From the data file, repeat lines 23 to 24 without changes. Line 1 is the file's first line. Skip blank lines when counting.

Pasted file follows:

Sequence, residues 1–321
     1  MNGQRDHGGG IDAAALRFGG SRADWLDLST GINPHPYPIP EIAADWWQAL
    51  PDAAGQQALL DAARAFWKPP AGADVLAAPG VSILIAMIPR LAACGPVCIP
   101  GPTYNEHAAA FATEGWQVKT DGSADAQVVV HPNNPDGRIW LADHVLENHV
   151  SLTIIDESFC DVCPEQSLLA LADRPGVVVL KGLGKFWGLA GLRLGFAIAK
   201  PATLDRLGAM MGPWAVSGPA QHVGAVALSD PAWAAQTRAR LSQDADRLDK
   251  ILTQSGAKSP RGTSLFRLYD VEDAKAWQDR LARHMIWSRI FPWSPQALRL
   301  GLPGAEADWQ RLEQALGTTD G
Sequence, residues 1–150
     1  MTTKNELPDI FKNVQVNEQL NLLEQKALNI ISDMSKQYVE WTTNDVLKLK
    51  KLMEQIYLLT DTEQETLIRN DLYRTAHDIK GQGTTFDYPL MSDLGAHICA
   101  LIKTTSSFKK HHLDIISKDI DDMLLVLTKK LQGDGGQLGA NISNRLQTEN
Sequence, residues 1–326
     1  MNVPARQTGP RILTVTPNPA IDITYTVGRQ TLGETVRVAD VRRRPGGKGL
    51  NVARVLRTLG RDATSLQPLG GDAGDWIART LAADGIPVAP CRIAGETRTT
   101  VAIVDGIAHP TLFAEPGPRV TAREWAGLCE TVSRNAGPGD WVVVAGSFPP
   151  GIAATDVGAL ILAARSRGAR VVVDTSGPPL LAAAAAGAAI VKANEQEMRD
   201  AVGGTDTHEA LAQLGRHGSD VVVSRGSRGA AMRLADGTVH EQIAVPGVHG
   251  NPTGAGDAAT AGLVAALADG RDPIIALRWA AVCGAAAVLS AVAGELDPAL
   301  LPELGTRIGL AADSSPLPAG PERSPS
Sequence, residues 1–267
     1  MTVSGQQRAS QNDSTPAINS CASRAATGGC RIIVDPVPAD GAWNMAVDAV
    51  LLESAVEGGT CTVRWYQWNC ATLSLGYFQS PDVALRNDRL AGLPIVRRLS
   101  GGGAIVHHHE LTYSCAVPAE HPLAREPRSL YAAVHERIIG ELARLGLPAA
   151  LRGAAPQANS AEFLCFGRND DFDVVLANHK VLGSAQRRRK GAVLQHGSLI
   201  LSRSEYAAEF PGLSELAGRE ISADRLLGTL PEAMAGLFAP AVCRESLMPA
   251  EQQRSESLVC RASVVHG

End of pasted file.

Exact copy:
    51  LLESAVEGGT CTVRWYQWNC ATLSLGYFQS PDVALRNDRL AGLPIVRRLS
   101  GGGAIVHHHE LTYSCAVPAE HPLAREPRSL YAAVHERIIG ELARLGLPAA